In the past, luxury firms used autocratic top-down communication and high price points to convey the idea of exclusivity. Streetwear has taught the business that, instead of raising prices, limited editions do foster a sense of exclusivity. Established luxury fashion businesses are launching streetwear-influenced collections more frequently. Traditional brands have been inspired to design “fashionable, casual clothes” by names like Off-White, Nike, Balenciaga, and Palace.

What is a streetwear collaboration?

In 2017, Louis Vitton and Supreme collaborated on a collection that was unequaled and was dubbed “one of the collaborations of the century” by GQ. Given that the Air Diors were described as “the most-wanted trainers of all time” by British Vogue, it is no surprise that Jones has blessed sneakerheads once again this year with Dior x Jordan. The definition of streetwear is inevitably evolving as the market for streetwear apparel expands. For instance, the male looks started to be worn with a dramatic feminine touch as more women started to embrace streetwear. Due to this, there was a gap in the market for streetwear companies operated by women who catered to the needs of the women who had been dressing like males. This is one of the causes of how unisex streetwear seems nowadays.

Insight from the Fashion Capitals: London, Paris, and Milan


Stylist and visual artist Simone Beyene, 25, uses photography and film in her work. She is currently Mabel’s stylist and will complete her studies at Central Saint Martins in the summer of 2019.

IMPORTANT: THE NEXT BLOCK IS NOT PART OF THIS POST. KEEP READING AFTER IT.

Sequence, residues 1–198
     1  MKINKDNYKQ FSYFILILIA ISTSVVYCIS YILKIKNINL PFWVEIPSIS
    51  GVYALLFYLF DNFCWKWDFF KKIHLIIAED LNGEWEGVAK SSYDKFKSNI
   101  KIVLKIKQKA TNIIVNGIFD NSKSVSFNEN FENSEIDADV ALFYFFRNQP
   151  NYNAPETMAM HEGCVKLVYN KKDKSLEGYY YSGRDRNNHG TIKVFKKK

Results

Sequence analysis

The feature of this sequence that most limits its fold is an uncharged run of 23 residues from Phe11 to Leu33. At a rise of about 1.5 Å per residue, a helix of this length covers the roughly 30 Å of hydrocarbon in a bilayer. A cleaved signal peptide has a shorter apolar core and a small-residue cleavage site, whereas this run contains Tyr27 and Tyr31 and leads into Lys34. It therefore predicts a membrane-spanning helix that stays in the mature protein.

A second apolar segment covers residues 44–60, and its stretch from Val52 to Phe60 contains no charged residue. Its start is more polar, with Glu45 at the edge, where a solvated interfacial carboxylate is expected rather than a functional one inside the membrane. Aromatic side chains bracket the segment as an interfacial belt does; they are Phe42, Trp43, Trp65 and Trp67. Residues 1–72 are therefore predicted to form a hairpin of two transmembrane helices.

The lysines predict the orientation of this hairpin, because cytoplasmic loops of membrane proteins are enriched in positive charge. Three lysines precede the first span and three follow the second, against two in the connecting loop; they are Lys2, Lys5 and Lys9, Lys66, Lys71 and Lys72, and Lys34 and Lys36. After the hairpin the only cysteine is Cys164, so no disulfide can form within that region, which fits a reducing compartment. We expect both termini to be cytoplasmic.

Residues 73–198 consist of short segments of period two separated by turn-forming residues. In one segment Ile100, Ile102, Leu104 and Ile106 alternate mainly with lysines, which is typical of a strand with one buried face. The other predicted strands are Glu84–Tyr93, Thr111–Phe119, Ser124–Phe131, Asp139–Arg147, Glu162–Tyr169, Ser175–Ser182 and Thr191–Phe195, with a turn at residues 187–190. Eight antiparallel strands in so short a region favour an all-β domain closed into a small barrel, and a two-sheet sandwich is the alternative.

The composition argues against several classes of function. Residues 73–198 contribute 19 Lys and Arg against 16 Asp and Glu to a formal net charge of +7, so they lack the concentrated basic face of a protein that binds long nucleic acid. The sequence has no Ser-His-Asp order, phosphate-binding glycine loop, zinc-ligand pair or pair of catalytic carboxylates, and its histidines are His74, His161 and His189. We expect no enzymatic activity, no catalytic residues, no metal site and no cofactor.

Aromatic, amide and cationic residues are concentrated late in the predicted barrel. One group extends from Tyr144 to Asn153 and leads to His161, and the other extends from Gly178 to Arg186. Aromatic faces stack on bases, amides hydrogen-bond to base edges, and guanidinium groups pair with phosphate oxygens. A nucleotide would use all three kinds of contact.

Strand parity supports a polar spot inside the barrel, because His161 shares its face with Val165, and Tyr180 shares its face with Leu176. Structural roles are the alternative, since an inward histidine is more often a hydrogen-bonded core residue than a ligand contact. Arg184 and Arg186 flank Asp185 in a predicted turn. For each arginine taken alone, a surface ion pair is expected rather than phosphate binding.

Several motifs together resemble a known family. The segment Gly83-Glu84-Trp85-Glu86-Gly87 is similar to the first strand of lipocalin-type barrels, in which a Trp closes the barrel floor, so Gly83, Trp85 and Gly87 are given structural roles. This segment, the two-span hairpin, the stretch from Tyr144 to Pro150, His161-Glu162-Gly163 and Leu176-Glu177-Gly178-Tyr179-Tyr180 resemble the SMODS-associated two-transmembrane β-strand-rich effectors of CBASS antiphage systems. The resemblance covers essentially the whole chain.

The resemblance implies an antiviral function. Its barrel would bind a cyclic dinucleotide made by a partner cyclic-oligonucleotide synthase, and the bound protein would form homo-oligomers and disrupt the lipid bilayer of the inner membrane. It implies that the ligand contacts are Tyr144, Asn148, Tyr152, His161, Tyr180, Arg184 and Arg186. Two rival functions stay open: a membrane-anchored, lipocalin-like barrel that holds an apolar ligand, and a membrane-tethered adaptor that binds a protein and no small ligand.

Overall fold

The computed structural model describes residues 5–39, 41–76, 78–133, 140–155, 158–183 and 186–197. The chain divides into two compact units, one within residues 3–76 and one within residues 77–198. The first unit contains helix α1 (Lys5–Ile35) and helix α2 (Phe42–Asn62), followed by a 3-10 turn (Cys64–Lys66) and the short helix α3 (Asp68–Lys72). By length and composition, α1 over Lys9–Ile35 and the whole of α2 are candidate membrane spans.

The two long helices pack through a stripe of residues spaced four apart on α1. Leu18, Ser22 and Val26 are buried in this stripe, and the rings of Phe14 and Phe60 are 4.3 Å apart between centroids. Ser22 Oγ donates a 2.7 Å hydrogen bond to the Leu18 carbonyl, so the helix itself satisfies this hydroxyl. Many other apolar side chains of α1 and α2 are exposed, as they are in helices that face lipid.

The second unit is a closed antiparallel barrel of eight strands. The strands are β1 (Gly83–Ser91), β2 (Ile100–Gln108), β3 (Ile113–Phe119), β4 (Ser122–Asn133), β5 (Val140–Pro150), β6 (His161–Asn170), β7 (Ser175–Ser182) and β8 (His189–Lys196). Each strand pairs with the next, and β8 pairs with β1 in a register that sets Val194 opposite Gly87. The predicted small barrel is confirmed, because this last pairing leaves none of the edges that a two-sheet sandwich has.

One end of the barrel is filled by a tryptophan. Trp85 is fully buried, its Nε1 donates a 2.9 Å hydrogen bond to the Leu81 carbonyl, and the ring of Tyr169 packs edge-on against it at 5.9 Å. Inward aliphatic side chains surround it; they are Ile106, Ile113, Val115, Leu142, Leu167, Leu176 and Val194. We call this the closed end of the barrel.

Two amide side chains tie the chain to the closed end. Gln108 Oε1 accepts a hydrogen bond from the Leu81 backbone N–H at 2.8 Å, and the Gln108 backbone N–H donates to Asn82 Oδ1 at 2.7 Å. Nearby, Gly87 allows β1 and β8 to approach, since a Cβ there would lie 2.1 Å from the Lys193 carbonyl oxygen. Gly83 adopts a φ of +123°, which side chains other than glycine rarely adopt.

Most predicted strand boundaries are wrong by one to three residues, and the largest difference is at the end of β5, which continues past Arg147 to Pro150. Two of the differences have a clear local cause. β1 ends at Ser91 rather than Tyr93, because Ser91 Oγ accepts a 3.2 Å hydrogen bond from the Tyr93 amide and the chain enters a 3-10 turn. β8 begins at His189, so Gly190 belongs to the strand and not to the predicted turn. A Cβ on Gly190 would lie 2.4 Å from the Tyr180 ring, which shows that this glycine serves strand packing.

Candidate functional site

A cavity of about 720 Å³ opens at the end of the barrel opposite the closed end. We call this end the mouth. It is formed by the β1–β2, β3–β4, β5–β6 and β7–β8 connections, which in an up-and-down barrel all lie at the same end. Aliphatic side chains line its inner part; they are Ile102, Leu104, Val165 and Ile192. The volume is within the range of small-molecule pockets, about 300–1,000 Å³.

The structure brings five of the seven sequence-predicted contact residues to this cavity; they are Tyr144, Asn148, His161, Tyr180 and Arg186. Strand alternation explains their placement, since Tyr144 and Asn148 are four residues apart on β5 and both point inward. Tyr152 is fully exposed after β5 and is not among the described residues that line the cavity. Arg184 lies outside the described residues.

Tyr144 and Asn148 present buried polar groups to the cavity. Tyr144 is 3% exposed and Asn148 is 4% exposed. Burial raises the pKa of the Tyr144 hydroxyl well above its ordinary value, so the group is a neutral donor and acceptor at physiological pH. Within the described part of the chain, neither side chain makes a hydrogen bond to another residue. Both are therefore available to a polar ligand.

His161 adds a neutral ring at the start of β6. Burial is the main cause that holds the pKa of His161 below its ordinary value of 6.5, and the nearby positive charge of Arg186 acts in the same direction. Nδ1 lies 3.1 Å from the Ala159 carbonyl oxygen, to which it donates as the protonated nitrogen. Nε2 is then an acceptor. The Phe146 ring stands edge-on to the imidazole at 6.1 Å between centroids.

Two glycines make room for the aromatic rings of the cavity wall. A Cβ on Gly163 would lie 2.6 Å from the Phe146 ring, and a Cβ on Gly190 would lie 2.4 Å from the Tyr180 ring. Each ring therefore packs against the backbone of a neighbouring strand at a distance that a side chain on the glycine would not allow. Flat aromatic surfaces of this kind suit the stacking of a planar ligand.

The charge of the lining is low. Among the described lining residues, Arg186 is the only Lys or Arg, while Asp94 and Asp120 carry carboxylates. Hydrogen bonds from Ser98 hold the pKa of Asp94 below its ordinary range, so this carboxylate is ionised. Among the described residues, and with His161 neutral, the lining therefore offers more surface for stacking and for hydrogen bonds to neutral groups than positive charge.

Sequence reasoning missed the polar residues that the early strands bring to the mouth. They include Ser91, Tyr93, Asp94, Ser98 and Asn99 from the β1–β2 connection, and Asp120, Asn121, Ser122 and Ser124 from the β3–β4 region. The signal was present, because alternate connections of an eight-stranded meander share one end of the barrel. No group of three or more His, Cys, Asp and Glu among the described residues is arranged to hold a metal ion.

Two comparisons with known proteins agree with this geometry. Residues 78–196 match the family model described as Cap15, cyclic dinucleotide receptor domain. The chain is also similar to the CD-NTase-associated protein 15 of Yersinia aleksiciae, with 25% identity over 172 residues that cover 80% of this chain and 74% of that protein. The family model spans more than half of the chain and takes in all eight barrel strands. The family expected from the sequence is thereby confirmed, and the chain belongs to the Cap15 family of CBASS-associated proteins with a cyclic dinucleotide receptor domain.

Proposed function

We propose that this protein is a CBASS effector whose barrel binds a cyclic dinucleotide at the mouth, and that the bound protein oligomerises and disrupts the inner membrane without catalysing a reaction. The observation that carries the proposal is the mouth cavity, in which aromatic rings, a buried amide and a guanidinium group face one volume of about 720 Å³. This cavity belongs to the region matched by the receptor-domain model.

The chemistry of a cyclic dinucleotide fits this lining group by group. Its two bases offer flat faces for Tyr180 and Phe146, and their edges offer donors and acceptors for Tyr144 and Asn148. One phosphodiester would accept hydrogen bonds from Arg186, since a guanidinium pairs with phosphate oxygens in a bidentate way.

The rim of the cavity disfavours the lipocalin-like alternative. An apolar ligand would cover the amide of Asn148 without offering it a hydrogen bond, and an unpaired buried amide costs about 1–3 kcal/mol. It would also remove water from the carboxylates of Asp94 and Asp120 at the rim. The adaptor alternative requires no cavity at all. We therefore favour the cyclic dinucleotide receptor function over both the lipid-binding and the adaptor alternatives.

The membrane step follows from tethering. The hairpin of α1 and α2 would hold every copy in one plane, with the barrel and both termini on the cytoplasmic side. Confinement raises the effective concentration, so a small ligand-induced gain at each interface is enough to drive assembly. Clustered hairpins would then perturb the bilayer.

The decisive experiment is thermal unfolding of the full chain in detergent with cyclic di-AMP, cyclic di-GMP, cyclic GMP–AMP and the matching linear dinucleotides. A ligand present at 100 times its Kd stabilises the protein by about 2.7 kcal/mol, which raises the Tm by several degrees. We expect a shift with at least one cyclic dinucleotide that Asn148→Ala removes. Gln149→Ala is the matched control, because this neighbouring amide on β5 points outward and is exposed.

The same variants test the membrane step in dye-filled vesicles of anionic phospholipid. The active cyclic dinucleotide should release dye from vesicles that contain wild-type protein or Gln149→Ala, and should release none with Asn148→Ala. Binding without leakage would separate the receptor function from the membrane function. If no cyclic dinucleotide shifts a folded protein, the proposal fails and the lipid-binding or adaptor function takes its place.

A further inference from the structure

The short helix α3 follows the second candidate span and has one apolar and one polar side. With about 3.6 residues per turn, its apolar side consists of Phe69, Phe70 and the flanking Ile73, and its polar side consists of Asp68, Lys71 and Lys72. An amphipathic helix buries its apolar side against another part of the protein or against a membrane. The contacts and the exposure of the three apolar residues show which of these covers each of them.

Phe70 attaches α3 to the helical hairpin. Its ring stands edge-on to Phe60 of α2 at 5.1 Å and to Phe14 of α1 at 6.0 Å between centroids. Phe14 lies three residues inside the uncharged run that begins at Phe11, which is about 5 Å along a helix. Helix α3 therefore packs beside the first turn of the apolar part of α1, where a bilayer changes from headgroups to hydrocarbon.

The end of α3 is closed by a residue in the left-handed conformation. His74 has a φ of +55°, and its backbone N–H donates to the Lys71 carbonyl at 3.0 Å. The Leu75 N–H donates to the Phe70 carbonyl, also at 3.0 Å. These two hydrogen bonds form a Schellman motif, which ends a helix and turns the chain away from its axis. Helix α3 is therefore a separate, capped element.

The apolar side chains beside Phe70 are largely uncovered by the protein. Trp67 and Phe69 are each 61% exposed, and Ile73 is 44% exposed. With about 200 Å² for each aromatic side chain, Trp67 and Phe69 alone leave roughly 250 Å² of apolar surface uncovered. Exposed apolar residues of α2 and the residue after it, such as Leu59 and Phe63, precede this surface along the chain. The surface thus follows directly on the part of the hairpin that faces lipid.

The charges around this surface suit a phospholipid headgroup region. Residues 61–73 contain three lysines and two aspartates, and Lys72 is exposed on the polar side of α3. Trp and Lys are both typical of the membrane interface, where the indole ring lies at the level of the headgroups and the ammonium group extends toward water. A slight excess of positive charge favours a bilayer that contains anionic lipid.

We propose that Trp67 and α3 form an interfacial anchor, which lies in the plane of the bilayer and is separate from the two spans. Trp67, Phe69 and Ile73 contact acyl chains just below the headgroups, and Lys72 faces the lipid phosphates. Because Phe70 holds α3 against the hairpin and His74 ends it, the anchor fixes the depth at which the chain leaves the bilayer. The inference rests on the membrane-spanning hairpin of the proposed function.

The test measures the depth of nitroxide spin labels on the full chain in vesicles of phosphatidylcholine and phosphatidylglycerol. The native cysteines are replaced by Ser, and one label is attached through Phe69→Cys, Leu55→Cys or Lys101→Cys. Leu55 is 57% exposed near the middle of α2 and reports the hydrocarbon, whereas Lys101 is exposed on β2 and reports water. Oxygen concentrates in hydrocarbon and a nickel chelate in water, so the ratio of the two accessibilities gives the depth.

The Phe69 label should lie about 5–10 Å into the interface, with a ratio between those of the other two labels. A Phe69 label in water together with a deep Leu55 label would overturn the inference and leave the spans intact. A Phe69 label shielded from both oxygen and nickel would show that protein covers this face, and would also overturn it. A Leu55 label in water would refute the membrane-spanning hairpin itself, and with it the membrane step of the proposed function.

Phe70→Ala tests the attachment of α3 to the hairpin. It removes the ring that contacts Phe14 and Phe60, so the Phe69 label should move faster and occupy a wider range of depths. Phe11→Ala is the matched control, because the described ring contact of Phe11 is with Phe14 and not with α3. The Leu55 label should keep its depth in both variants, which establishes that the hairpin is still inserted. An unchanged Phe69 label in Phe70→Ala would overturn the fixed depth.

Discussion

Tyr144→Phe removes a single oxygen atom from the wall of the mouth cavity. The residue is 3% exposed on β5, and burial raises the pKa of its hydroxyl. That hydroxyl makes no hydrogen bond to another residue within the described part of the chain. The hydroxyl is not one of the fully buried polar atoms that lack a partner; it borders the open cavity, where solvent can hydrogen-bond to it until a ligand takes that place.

It has been amazing to be around the music scene since it has a significant impact on streetwear, particularly in London because it is such a vibrant and enjoyable city. Skate culture, in my opinion, has a significant influence on what we would now classify as streetwear. There are companies in London like Palace and Places+Faces that got their start as young men making t-shirts. For me, a printed t-shirt that has undergone a million washes is the foundation of streetwear. Streetwear includes a lot of rock culture and band t-shirts, but it also has bright colors and graphics that are little wacky or quite amusing.

Streetwear in London is also influenced by early New York hip-hop and the attire of rappers in the 1980s and 1990s. Many skate-loving musicians, such Pharrell, were well-known to manufacturers as pals, allowing these companies to just hand out clothing. I believe that’s why streetwear has become so popular and has exploded: we all want to appear like the celebrities we like or the individuals we adore. Especially considering how widely music is distributed.

What I find to be particularly intriguing is that I consider streetwear to be more of a unisex style. It’s entertaining to play with proportions, crop baggy clothing, and create feminine shapes to make big items more girly. Women’s streetwear includes a lot of “matchy-matchy” tracksuits and crop tops with gold body jewelry, and we saw a lot of it in the late ’90s with celebrity hip-hop firms.


Creative director, press contributor, and influencer Selma Kaci Sebbagh. Numerous prestigious newspapers have taken notice of her outstanding sneaker collection, which she often highlights on Instagram.